The West Coast Offense Explained

by on January 15, 2006

in Football,Sports,Video,Vikings

The Vikings will be adopting the West Coast offense under head coach .

There is some dispute over the origin of the West Coast offense. In January, 1999, in an article in The Sporting News, saying it’s misnamed because, he says, it began in Cincinnati when he was on the Bengals staff.

But Sports Illustrated‘s Paul Zimmerman, or to Sid Gillman of the 60s-era San Diego Chargers and of 1930s-era Ohio State teams.

Others have put of the Chargers of the 70s and the Redskins’ in the West Coast tradition.

Annoyingly, no one ever mentions the Vikings as a West Coast team even though the 70s-era teams under and his offensive coordinator ran an offense consisting of a short, ball-control passing game directed by with running back Chuck Foreman often used as a receiver our of the backfield. (Tarkenton himself argues that the Vikings ran a forerunner of Walsh’s West Coast offense).

ESPN’s .

Pasquarelli describes the Bill Walsh version of the West Coast offense thusly:

The initial Walsh concept was for a standard
pro-set offense — two backs in split alignment, two wide receivers and
a tight end — designed to get the ball quickly from the quarterback to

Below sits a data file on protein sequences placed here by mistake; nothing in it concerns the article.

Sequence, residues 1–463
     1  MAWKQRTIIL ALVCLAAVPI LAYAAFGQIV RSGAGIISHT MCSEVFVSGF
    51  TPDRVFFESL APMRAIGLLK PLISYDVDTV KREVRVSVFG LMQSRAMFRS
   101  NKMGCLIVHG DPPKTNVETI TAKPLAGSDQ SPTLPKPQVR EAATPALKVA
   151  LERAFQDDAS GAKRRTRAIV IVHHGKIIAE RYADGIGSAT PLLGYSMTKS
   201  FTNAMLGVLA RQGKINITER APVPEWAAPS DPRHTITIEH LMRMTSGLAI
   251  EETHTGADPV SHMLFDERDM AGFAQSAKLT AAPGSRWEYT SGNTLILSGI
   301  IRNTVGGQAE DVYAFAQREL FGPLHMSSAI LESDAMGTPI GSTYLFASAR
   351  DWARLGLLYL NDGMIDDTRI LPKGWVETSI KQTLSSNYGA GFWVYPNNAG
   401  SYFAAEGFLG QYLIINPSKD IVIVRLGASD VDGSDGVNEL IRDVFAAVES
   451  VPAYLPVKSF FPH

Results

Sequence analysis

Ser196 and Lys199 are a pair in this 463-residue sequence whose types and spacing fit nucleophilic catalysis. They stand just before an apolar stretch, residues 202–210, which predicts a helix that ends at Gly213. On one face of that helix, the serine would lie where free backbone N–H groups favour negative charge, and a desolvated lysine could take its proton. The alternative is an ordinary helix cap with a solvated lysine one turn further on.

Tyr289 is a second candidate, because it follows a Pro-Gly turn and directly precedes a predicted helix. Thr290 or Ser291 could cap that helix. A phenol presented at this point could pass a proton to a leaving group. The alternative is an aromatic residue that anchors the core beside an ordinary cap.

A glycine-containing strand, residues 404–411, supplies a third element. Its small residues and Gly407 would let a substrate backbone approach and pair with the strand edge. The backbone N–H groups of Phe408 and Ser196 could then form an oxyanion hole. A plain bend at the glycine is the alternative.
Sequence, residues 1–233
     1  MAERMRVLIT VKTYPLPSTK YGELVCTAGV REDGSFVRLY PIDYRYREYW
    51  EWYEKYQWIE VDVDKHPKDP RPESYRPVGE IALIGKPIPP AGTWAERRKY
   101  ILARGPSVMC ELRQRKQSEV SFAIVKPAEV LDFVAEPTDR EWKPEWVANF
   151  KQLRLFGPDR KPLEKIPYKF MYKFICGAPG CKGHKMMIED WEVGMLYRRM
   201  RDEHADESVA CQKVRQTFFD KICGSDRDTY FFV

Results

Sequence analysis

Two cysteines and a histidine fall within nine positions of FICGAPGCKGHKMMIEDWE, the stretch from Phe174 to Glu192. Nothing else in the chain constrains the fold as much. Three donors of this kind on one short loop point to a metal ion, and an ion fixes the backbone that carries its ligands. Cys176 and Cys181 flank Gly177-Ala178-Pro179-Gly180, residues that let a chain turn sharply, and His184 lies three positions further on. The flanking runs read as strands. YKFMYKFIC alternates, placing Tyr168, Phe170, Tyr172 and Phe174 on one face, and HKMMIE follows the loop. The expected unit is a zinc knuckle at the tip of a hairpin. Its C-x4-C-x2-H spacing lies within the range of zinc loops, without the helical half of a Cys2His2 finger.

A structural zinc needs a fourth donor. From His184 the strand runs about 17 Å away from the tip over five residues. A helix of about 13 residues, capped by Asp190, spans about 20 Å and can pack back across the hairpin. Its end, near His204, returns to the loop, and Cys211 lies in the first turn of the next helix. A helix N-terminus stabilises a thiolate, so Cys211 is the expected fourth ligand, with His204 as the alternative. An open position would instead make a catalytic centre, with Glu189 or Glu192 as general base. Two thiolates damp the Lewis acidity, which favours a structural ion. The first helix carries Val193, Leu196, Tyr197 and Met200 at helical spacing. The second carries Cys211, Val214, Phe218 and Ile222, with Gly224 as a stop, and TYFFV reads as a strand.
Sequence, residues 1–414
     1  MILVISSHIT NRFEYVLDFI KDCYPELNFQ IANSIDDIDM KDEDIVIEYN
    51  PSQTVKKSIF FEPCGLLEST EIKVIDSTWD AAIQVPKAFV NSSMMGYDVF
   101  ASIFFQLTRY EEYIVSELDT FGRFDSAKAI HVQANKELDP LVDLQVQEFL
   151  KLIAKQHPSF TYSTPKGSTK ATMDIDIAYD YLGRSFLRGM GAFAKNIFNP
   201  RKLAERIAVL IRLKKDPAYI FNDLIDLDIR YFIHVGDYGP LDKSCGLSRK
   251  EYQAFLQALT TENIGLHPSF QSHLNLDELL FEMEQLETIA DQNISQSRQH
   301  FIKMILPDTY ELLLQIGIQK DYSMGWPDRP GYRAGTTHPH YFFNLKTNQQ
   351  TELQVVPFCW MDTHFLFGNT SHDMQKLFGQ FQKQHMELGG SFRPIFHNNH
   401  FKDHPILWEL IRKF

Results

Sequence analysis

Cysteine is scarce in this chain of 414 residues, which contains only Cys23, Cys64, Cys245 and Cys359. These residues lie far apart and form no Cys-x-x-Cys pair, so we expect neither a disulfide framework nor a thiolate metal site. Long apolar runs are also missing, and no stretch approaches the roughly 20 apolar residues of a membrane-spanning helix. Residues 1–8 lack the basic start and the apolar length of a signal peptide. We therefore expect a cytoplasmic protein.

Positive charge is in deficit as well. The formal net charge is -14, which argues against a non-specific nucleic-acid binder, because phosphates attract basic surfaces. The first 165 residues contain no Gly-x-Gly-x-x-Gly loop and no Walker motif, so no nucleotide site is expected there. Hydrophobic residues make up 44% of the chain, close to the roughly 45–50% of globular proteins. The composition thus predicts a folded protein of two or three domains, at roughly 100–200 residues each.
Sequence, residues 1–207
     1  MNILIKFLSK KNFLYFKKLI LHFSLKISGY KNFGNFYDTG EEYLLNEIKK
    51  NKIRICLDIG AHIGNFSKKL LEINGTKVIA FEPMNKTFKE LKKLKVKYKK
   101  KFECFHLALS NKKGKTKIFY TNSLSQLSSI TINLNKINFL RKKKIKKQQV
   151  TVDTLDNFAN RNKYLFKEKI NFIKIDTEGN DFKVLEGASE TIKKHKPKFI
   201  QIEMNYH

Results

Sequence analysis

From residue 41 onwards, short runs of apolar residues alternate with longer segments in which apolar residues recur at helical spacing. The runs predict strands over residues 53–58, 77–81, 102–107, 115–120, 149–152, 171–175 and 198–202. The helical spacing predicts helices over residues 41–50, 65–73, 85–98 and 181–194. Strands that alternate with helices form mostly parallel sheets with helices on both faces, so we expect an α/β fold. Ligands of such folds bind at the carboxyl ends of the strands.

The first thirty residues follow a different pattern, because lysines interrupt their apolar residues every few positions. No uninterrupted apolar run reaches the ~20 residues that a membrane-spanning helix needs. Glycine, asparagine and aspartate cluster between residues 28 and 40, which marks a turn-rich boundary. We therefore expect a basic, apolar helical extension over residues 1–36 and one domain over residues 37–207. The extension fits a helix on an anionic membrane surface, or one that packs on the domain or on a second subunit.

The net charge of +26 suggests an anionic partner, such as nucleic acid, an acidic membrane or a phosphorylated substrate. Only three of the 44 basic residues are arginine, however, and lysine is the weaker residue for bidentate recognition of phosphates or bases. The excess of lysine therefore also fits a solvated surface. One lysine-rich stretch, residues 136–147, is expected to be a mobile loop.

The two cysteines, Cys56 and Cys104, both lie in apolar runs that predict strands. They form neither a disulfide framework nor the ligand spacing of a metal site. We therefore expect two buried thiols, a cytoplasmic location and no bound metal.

the skill-position players. The idea was to release all five of the
eligible receivers at the same time, relying on three- and five-step
drops by the quarterback to compensate for most blocking breakdowns,
and to throw the ball crisply and on the break.

Sounds a lot like the Eagles offense, which probably means that we’ll get something closely akin to a Walsh-style West Coast offense.

ESPN’s Joe Theismann, Sean Salisbury and Mark Malone list . One opinion they all share is that the West Coast puts less pressure on the offensive line because the lineman do not have to hold their blocks as long as they do in other systems; that will help the Vikings current linemen.

of the Bill Walsh version of the West Coast offense on his Football 101 site. and a PowerPoint presentation by Ron Jenkins called (only works with the Internet Explorer browser) are designed specifically as aids to teaching the West Coast offense.

For a superb explanation of the interdependence of the quarterback drop and the receiver’s patterns in the proper execution of timing routes, watch these NFL Films videos featuring Bill Walsh and Joe Montana.

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